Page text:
Audit of USAID’s Participant Training Activities

Audit of USAID’s Participant Training Activities

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Audit of USAID’s Participant Training Activities Audit Report Number 9-000-04-005-P September 9, 2004 Washington, D.C. September 9, 2004 MEMORANDUM FOR: EGAT/ED, Director, John A. Grayzel FROM: IG/A/PA Director, Nathan S. Lokos /s/ SUBJECT: Audit of USAID’s Participant Training Activities (Report No. 9-000-04-005-P) This memorandum transmits our final audit report on the subject audit. In finalizing the report, we considered your comments on our draft report and have included this as Appendix II. The report contains four recommendations to strengthen USAID’s management of its participant training activities. In your written comments, you concurred with these recommendations. Accordingly, management decisions have been reached on all four recommendations. Moreover, for Recommendations No. 2, 3 & 4, you identified appropriate actions taken to address each recommendation, and provided us with documents to evidence that the actions were taken. Therefore, we consider those recommendations to be closed upon issuance of this report. Concerning Recommendation No. 1, additional action relating to the requirement for entry of non-returnee information into SEVIS is pending. Please coordinate final action with M/MPI. This capping report summarizes seven individual audits of participant training activities and makes significant recommendations that for the first time will result in (a) background ...

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Audit of USAID’s Participant Training
Activities


Audit Report Number 9-000-04-005-P

September 9, 2004
Washington, D.C.







September 9, 2004

MEMORANDUM

FOR: EGAT/ED, Director, John A. Grayzel

FROM: IG/A/PA Director, Nathan S. Lokos /s/

SUBJECT: Audit of USAID’s Participant Training Activities
(Report No. 9-000-04-005-P)
This memorandum transmits our final audit report on the subject audit. In
finalizing the report, we considered your comments on our draft report and
have included this as Appendix II.
The report contains four recommendations to strengthen USAID’s
management of its participant training activities. In your written comments,
you concurred with these recommendations. Accordingly, management
decisions have been reached on all four recommendations. Moreover, for
Recommendations No. 2, 3 & 4, you identified appropriate actions taken to
address each recommendation, and provided us with documents to evidence
that the actions were taken. Therefore, we consider those recommendations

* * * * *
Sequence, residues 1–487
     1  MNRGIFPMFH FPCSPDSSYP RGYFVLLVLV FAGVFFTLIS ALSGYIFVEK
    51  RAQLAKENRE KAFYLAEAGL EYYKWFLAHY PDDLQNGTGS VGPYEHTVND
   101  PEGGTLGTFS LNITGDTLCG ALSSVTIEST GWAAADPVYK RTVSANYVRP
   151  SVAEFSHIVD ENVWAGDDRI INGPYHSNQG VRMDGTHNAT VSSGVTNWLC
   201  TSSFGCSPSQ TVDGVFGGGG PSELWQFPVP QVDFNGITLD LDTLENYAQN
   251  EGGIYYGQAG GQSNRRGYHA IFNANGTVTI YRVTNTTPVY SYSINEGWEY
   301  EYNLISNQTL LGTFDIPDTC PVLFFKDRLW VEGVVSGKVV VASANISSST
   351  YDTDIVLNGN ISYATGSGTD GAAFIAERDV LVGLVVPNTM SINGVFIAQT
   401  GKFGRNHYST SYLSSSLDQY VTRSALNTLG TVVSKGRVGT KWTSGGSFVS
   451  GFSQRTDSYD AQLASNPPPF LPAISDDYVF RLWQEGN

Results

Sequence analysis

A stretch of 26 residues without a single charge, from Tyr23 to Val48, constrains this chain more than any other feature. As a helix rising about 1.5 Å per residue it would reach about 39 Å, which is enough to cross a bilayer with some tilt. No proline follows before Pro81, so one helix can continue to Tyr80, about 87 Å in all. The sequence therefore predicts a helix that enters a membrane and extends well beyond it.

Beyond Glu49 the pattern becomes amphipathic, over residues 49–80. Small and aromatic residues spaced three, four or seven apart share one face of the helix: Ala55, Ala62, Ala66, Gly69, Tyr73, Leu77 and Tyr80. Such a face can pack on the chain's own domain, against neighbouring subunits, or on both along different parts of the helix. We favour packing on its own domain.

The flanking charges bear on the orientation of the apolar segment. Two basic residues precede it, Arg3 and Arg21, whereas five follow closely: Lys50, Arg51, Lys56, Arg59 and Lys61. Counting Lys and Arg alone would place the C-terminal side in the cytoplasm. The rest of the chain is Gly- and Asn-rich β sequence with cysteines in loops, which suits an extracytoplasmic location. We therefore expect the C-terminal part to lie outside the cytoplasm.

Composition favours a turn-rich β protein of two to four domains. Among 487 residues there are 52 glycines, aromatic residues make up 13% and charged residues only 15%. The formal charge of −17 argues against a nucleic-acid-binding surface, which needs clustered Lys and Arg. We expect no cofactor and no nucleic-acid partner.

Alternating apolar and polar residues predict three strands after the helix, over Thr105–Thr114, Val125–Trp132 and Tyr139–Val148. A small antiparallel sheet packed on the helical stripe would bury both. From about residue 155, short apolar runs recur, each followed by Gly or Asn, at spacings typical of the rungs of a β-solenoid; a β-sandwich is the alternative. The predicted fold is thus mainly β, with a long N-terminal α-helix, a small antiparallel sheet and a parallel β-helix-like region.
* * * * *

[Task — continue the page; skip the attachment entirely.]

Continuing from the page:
to be closed upon issuance of this report. Concerning Recommendation No.
1, additional action relating to the requirement for entry of non-returnee
information into SEVIS is pending. Please coordinate final action with
M/MPI.
This capping report summarizes seven individual audits of participant
training activities and makes significant recommendations that for the first
time will result in (a) background checks on USAID participants for security
reasons, (b) full accountability of whereabouts while in the US and, (3)
reimbursement responsibility to USAID if a participant does not return to
their home country to fulfill the home country residency requirement.

I want to express my sincere appreciation for the cooperation and courtesies
extended to my staff during the audit.
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Sumary ofResult 5 Table of

Contents Background 6
Audit Objectives 7

Findings 7

Have USAID missions complied with selected
requirements for administering participant training
conducted in the United States? 7

Participant Data in TraiNet Was Incomplete
Until Fiscal Year 2003 8

What have been the non-returnee rates for overseas
participants who were trained in the United States and did
USAID missions take appropriate actions when
participants failed to return to their home countries? 8

Non-Returnee Rates 8

USAID Needs a Standardized System
To Track Non-Returnees 9

USAID Should Require That
Non-Returnees Repay Training Costs 11

What additional actions should USAID missions take
to meet new requirements for selecting, monitoring,
and reporting on participants training in the United
Staes? 12

Participants Selected for Training in the U.S.
Should Undergo Background Checks 13

Evaluation of Management Comments 14

Appendix I - Scope and Methodology 17
II - Management Comments 19
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Summary of This audit report presents issues regarding the USAID participant training
program under which foreign individuals came to the United States for Results
structured learning. These individuals—called participants—were expected to
return to their home countries and utilize their skills or education to assist in
development. The issues discussed in this report evolved from seven audits
conducted in fiscal years 2003 and 2004 at missions in Bulgaria, Dominican
Republic, Egypt, Mongolia, Nicaragua, Nigeria, and Tanzania.

In regards to the first audit objective on compliance with administrative
requirements, the missions generally implemented selected requirements,
except that not all participants were entered into USAID’s training data base
(called TraiNet). However, in February 2003, new requirements for real-time